Thursday, October 5th, 2017
I feel very privileged more than anything to be here to speak to you on behalf of the other 98 committed volunteers who every day of every week—24/7—give of themselves to keep this vital service running and are the first point of contact for victims of sexual violence.
I have been volunteering with the Dublin Rape Crisis Centre for 18 months and the two main areas where we work and I work are on the confidential Helpline—responding to calls outside of office hours which enables telephone support 24/7 nationwide—and the other is accompanying victims to the Sexual Assault Treatment Unit (SATU), also a 24/7 service but totally staffed by volunteers. There are other areas for volunteers for court accompaniment and outreach but these two are where most volunteers work for their first two years.
I hope to give you a flavour of what motivates people to become volunteers, the principles to which we operate and the work we do.
In terms of motivation to become a volunteer these can be many and varied – from people who through their career/study has led them here, people who saw the ad and said ‘I’ll give it a go’, or those who want to contribute back to their community and see this service as vital in healing trauma. One thing for sure is that the volunteers come from every walk of life and every social background, which when you think about it is also a reflection of our clients.
For me, there were a number of motivations. I had a friend who was involved with the Centre in the early years and I always promised her I’d get involved. Life can be very busy and that didn’t happen immediately but, when I did get some extra time, I looked around for an opportunity and saw the ad and remembered my promise. But on another level the role appealed to me, as it gave the opportunity to get directly involved – to make a difference. I was fortunate to be selected and off I trotted to the training to find out how I was going to ‘help fix things for people’—oh the naïveté!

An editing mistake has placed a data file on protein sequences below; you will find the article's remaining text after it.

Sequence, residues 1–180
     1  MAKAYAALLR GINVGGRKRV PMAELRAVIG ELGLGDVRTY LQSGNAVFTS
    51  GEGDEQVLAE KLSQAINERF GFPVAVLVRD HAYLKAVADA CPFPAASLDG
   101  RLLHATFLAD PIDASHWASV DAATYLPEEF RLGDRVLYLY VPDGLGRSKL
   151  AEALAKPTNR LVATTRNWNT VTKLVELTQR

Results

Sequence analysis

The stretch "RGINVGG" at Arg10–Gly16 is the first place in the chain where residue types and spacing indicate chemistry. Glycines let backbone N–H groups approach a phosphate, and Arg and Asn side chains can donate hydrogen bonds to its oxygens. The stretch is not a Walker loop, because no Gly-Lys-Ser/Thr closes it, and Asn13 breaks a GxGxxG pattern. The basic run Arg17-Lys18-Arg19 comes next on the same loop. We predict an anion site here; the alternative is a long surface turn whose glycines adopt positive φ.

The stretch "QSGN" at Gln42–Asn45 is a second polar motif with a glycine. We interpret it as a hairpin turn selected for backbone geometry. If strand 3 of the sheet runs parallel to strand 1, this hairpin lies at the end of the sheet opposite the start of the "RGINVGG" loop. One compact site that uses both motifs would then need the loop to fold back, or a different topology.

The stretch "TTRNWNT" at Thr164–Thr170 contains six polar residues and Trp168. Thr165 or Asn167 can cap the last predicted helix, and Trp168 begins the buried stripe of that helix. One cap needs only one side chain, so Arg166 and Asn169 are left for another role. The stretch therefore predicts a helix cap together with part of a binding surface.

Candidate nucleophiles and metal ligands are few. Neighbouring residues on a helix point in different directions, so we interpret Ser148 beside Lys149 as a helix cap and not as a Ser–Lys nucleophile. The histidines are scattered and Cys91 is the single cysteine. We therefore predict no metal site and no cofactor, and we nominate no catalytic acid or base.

The training was held over 8 full weekends. Along with the practicalities, the main focus was developing our understanding of the RCC principles and required behaviours: empathy, belief, compassion, trust, respect, listening, care and support—no fixing there—just to BE there. And you wonder if that is enough? But when you go on the Helpline you realise how all the training comes together and just being there can be enough to help callers on their healing journey.
I can honestly say that the training is excellent and ensures that no matter what their experience beforehand, everyone meeting a client or taking a call is equipped to be a volunteer councillor.
To give you an example of the type of call we get it can be a caller who calls a few times but hangs up and then calls back and is just silent…we don’t fill the gap but occasionally acknowledge we are there. The other scenario is when a victim has just been raped and finds it hard to even coordinate their words. Here our first priority is their immediate safety.
Some callers occasionally reach out to the service as they are going through a particularly difficult time and want to talk through where they are in their journey. This helps them continue to progress. One of the most humbling calls can be where you are the first person the client has told of their assault and the relief they feel when you listen and tell them you believe them can be truly overwhelming…the simple act of being believed is life changing.
The second service is accompaniment to the SATU where you meet with a victim and are led by them in terms of whether they want to talk or not. It’s a situation which can be totally overpowering because of the number of people involved—from the Guards to the medical personnel—BUT we are there to support them. We’re in their corner however they wish to use us to help them. Many times members of their family come too and they are also distressed, however the client is our main focus throughout.
The work is tough but is very rewarding when you can see and hear the hope that victims have that they will/can move forward and begin healing the trauma. The tears of gratitude for the hand or ear of human kindness—by our presence they feel society hasn’t let them down totally in their darkest hours, when the most appalling crime that could happen to them, happened.
In today’s world many people feel that they can’t help / overwhelmed by all the tragedy in society but here is an opportunity to have a positive impact in society by volunteering for the DRCC, its work that has a positive impact of people lives and this couldn’t be provided without the volunteers.
I started out by saying I felt privileged speaking on behalf of the 98 DRCC volunteers but I feel very privileged to work for such a supportive organisation and for the trust our clients put in us to help them begin to heal the trauma.
Avril – DRCC Volunteer